Lifetime stayers in urban, rural, and highly rural communities in Montana
community, immobility, mobility, rural, stayers
Modernity can be characterised by a shift from a communal to an individual orientation where social mobility is one of individuals' primary goals. However, for individuals to achieve social mobility, they often must also be geographically mobile. Consequently, geographic immobility or staying in place needs to be theorised and examined directly. In this context, the life course perspective provides a useful framework to understand staying. The role transitions associated with different life stages represent different decision points where choices to stay must be deliberate. We use state‐representative data from Montana (USA) in 2010 to perform an exploratory analysis of stayers. Using a variety of community and individual predictors, we find that high community attachment, low satisfaction with one's community, and/or local services make being a stayer more likely. In separate models of being a stayer by rurality, age group, educational attainment, and having a dependent in the home, the pattern of results suggests that interpretations of high attachment and low satisfaction among stayers as being indicators of being “stuck” may be incorrect. Instead, even in the absence of being satisfied with one's community, community attachment may be indicative of deliberate decisions to stay. We discuss the limitations of addressing staying using cross‐sectional data and suggest future avenues for better understanding those who stay in place throughout their lives.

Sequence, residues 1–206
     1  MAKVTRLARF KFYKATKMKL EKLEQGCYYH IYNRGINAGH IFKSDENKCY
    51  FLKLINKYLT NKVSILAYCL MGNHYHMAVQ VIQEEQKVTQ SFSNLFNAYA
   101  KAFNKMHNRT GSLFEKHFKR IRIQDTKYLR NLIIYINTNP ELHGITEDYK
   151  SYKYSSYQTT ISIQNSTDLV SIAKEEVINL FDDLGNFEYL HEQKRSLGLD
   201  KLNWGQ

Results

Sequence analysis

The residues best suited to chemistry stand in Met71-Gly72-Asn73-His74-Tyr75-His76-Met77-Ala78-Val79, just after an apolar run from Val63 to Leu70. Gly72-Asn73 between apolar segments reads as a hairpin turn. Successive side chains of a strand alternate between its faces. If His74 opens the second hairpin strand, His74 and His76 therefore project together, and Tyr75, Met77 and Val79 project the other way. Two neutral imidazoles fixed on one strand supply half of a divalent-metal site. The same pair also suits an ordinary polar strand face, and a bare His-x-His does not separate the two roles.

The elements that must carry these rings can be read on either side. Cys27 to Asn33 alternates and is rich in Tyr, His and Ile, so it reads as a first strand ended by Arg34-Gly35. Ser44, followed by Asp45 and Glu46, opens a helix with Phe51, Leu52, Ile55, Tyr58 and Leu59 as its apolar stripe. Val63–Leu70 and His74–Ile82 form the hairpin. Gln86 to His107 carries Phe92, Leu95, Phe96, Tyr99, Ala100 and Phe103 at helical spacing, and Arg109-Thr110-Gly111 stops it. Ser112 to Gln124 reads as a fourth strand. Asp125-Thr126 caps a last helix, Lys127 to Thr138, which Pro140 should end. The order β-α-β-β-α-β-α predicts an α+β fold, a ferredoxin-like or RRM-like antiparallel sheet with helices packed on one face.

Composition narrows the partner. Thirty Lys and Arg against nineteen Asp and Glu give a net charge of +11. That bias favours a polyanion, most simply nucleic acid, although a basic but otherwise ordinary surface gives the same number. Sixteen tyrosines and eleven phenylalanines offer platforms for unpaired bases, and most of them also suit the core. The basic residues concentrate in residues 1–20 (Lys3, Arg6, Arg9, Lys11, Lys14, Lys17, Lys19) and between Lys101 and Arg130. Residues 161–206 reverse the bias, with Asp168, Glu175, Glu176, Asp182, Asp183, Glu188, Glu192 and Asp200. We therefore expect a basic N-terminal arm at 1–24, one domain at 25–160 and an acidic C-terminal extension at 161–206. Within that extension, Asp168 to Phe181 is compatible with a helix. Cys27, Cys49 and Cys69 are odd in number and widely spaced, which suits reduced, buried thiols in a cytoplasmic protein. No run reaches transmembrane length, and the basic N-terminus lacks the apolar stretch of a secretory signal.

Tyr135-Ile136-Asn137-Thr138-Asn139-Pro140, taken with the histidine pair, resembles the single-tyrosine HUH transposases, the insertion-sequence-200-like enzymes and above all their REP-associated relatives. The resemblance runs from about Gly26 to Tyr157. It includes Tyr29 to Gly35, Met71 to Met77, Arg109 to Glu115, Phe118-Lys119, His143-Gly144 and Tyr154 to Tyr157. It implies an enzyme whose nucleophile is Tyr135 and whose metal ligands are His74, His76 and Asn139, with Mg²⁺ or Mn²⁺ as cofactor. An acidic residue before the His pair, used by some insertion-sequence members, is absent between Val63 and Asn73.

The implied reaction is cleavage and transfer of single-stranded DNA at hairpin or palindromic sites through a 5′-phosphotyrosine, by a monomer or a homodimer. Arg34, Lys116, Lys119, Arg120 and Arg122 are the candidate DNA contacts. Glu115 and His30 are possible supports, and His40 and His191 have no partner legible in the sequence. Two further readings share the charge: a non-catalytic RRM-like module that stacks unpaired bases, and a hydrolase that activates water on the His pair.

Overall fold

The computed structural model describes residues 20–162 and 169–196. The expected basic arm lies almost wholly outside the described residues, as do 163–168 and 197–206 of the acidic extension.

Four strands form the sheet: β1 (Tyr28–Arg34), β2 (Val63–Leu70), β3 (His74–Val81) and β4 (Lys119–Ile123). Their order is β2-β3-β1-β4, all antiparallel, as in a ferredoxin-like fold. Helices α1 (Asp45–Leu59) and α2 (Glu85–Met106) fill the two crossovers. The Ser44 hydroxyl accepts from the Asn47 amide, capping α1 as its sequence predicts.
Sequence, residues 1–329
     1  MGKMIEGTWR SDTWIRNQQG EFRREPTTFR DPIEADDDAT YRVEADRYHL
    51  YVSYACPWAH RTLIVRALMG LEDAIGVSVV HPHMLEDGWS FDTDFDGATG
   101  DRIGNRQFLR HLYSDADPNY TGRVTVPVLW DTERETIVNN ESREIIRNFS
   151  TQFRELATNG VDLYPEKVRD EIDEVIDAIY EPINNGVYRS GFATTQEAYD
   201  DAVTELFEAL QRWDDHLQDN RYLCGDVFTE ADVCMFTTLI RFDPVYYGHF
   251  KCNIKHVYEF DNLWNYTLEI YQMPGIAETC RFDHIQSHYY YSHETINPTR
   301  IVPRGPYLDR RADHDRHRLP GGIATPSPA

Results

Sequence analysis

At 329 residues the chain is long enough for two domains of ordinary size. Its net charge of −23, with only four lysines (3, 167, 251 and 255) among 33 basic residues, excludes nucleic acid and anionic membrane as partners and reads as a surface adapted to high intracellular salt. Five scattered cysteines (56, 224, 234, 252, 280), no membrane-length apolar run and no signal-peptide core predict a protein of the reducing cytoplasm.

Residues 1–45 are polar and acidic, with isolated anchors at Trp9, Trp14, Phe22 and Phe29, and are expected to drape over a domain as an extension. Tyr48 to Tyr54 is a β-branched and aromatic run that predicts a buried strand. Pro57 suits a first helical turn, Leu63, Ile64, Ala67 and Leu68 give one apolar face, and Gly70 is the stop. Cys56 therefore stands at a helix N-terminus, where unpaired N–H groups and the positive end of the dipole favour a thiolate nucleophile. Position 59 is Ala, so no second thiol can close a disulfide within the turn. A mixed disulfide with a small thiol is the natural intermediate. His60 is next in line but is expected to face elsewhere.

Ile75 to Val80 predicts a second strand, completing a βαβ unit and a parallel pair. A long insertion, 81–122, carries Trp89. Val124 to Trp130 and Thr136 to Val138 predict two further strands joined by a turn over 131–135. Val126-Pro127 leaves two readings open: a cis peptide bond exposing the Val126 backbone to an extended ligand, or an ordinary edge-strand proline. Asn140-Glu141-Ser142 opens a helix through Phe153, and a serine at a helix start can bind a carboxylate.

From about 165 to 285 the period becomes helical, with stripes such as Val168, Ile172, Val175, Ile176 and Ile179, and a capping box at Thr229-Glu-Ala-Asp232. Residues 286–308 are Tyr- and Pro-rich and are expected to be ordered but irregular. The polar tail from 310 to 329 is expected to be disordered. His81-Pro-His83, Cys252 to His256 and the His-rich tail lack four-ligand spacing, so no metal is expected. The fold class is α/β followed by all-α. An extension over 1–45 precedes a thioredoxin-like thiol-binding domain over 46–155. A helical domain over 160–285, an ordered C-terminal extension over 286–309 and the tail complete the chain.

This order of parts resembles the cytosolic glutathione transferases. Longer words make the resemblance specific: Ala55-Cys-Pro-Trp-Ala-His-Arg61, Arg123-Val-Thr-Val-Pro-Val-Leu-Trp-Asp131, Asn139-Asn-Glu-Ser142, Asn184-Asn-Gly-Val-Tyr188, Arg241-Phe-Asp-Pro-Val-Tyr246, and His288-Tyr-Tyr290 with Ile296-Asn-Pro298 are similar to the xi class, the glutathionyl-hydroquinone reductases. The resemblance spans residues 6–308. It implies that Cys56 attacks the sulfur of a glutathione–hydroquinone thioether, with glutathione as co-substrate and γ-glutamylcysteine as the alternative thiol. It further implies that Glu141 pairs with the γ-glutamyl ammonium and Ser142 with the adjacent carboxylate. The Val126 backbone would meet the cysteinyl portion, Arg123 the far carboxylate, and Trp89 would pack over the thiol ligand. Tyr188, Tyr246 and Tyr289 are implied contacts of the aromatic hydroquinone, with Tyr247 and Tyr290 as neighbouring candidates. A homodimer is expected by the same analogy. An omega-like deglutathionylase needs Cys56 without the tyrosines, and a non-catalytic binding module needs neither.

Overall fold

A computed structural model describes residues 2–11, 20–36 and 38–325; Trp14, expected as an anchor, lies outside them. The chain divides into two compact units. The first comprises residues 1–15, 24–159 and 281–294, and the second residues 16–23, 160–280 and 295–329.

Original Publication Citation
Erickson, Lance D., Scott Sanders, Michael R. Cope. (Forthcoming). “Lifetime Stayers in Urban, Rural, and Highly Rural Communities in Montana.” Population, Space and Place.
BYU ScholarsArchive Citation
Erickson, Lance; Sanders, Scott R.; and Cope, MIchael R., "Lifetime stayers in urban, rural, and highly rural communities in Montana" (2018). Faculty Publications. 2772.
Population, Space and Place
Family, Home, and Social Sciences
Copyright © 2018 John Wiley & Sons, Ltd.